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INFOGRAPHICS: The Good and The Bad

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Publié dans : Design, Médias sociaux

INFOGRAPHICS: The Good and The Bad

  2. SO WHAT? A lot has been said about how infographics are helpful when it comes to content marketing. But do you know the difference between an effective infographic and an ineffective one?
  3. WHY INFOGRAPHICS? and content with images get nearly double the views of content without images. The human brain is able to consume visual content times faster than text... 60,000
  4. WHY NOT JUST PHOTOS? Photos can't translate statistical facts or explain a concept as quickly as an infographic. Fourth graders unable to say why Abraham Lincoln was an important person. 20% Source: http://nation.foxnews.com/american- history/2011/06/15/american-students-failing- history-cant-say-what-lincoln-did
  5. THE BAD Infographics are more than just pretty. They need to deliver the message of the data in a concise way. What are some of the worst "sins" when it comes to infographics?
  6. Too much data. It becomes difficult to focus attention and can turn off users looking for comparative information.
  7. Unnecessary 3D. 3D may look cool, but can distort the way data needs to be represented.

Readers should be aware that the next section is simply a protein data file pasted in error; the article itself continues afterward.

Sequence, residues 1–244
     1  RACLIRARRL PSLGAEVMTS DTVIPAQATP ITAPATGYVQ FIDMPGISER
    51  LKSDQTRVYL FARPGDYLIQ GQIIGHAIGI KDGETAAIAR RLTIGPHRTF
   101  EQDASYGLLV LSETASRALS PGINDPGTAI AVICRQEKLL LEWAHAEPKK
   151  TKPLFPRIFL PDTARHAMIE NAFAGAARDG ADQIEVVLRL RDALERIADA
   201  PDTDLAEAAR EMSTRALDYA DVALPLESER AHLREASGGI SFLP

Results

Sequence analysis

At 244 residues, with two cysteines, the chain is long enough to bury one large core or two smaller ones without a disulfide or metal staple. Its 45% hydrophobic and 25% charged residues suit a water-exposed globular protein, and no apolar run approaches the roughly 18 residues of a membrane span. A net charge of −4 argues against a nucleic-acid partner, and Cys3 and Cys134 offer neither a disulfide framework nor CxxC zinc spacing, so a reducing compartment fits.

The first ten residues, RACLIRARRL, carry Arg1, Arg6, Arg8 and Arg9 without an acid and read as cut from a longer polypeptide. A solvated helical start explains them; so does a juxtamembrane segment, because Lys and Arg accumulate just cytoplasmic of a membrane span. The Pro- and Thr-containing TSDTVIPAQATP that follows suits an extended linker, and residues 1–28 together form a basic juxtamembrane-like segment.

8. Graphs that just don't add up. Don't try to combine different statistics into one graph. (In this example it adds up to a 243% baby boomer.)
  9. Keep it simple. Viewers should be able to understand the information presented within a single reading.
  10. THE GOOD Once you know the story your infographic is telling, this story should be the focus of your art. Here are some excellent examples and tips to get your data across in an easy to understand way.
  11. Use pictures and icons. Avoid text overload or pictures with too much detail.
  12. Cartesian graphs are better. Radial charts may look cooler, but Cartesian graphs (Bar charts, Column charts) display multiple data sets much quicker and easier. Definition: A Cartesian graph is created by drawing a horizontal x-axis, and a vertical number y-axis.
  13. Keep the design clean with enough space between data.
  14. Use a simple color scheme.
  15. Use motifs that relate to your subject and its data. (In this case we talk about "traffic.")   Keep your design consistent with your subject.
  16. Keep in mind that the associated article should not be redundant in terms of repeating the information presented in the infographic, but should instead serve as a supplement.   Include a relevant article with your infographic.
  17. SOURCES http://www.designyourway.net/blog/inspiration/when-infographics-go-bad-or-how- not-to-design-data-visualization/ http://blog.visual.ly/7-cardinal-sins-of-chartmaking http://blog.visual.ly/accidental-meaning-graphic-design/ http://www.creativebloq.com/graphic-design-tips/information-graphics-1232836om /infographics http://www.socialmediatoday.com/social-networks/2015-04-16/how-leverage-power- infographics-social-media http://www.coolinfographics.com/blog/tag/photo
  18. A digital marketing leader since 1996, Didit   provides full-service online advertising and marketing services with award-winning expertise and innovation. Our full-service approach applies multi-faceted skill sets, including SEO, PPC, CSEs, PLAs, Content Marketing, and Social Media strategies that create a holistic synergy of online marketing tools.